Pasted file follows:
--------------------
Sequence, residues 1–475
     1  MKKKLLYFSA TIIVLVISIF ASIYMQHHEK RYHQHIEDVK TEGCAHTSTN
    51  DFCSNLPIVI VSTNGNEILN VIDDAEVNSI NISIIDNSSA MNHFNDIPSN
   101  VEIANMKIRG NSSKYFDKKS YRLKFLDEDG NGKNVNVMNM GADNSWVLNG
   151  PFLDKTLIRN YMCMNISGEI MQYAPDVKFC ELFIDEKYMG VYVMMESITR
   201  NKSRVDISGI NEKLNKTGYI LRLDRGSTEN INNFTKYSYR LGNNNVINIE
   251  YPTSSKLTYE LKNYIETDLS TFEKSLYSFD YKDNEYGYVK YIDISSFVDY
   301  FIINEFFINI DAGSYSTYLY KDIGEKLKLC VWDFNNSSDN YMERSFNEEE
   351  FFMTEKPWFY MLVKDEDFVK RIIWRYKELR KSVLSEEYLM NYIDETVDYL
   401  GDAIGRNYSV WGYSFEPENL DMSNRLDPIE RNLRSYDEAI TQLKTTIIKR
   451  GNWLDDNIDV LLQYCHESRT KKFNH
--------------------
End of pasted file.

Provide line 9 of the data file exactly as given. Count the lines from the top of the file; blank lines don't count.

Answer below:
   351  FFMTEKPWFY MLVKDEDFVK RIIWRYKELR KSVLSEEYLM NYIDETVDYL